Pook & Pook January Auction

. January 10, 2010

Pook & Pook Inc.’s January 15 and 16 auction catalogue reads more like a major museum inventory than an auction catalogue, covering literally all aspects of American history.

Friday night at the Downingtown, Pennsylvania, auction house begins with the collection of furniture, oriental rugs, and paintings from the legendary Elinor Gordon’s Villanova home. Included will be a rare pair of New York chairs, a Philadelphia compass seat chair, as well as paintings by Tait, Bishop, Enneking and an N.C. Wyeth landscape of his own farm.

A large collection of English ceramics from both a Pennsylvania Educational Institution and a private New York collection will follow. Historical blue, including an Arms of Pennsylvania platter, an Arms of Delaware platter, and an Arms of Virginia covered vegetable platter, will be sold. Other items are a Harrison White House plate, a rare Tucker ice water pitcher, Liverpool pitchers, mocha, Gaudy Dutch and much more. This material has been out of the public eye for many years.

Friday’s group of scrimshaw, from the Cumberland County Historical Society, includes two dated whale teeth and many other interesting items. This will be followed on Saturday by three newly-discovered Nathanial Finney scrimshaw walrus tusks. These fully carved pieces represent the epitome of this well known San Francisco scrimshaw artist’s work.

A cache of letters of great historical interest will be sold on Saturday. Correspondence to Colonel William Church, founder of the NRA, from presidents Buchanan, Johnson, McKinley, Taft, Tyler and Roosevelt are included. Especially interesting is a letter from Teddy Roosevelt, written from San Juan, complaining about the “slander” of reports that Rough Riders were killed by friendly fire. Other letters from Samuel Clemens, Edwin Booth, General Custer, Admiral Dewey, Peary, Sherman and others, along with Confederate ephemera, will be offered as part of this fascinating window into American journalism at the turn of the century.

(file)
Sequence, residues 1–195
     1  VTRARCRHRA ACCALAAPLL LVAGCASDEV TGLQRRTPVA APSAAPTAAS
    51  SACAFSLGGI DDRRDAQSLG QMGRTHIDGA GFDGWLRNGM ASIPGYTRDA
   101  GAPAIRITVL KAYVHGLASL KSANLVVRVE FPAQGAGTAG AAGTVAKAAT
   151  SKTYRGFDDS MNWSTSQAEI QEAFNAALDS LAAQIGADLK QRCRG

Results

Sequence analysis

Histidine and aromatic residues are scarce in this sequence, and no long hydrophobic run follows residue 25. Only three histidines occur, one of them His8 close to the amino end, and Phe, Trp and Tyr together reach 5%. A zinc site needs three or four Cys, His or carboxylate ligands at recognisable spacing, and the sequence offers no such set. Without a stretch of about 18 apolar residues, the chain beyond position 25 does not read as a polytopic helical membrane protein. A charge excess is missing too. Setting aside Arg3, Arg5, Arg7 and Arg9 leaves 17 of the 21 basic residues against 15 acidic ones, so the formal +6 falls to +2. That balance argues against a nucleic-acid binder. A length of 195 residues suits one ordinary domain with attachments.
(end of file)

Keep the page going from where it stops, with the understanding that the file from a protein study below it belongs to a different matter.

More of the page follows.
The silver, all from a pioneer American collector, reads like a “who’s who” of pre-colonial silver. A Newport tankard by Samuel Vernon will compete with a teapot by Potwine, a tea caddy by Van Voorhis & Schenk, an unusual child’s cann by Jacob Hurd, two caudle cups – one by Henricus Boelen as well as later pieces by the Richardsons of Philadelphia, and an extraordinary tureen by Hyde & Goodrich of New Orleans.

Saturday’s session will include two fully carved highboys, one a previously uncatalogued cherry bonnet top with unusual relief bird carvings signed “S. Henszey 1767,” the other a wonderful Philadelphia example also with shell carved drawers. Other remarkable pieces of Pennsylvania furniture for sale are two wainscot chairs, a rare Pennsylvania hanging cupboard with exceptional hinges – from the collection of the late H. Richard Dietrich, a silver face Philadelphia barometer by Fisher, and over twenty tall case clocks. One clock is the only known example by Abel Cottey, who died in 1711. This clock comes from the collection of the legendary Mrs. Joseph Carson. Other notable clock makers represented are Jos. Wills, Jacob Godshalk, Thomas Stretch, as well as two painted New England cases.

While there are many Chippendale and Federal pieces of furniture in the sale, those who appreciate folk art will be excited by several fine dower chests, including a vibrant Soap Hollow example, a Center County chest with a rare blue background, a curly maple Dutch cupboard, redware plates, weathervanes and a fully furnished Victorian dollhouse.

Textile collectors will find two vibrant Baltimore album quilts, a monumental Quaker sampler from New Jersey, as well as a dozen other needleworks, a 1775 bargello pocketbook, Boston mourning pictures, and much more.

Included at the last minute were a miniature portrait by Sully, a pair of watercolor on ivory miniature portraits of George and Martha Washington attributed to Trumbull, two elaborate French automatons and a collection of jewelry from a Main Line estate. A not-too-valuable but fascinating piece of American history is a small collection of 10 diamond disc records made by Thomas A. Edison for his Florida neighbor, Henry Ford. This small token from one titanic American Industrialist to another should attract interest.

Pook & Pook, Inc., will be celebrating their 25 years of success with a highly unusual offer of free accommodations, food and admission to numerous museums for those who attend this sale. For further information and details, see the Web site, pookandpook.com or call 610-269-4040.

Category: Auction News

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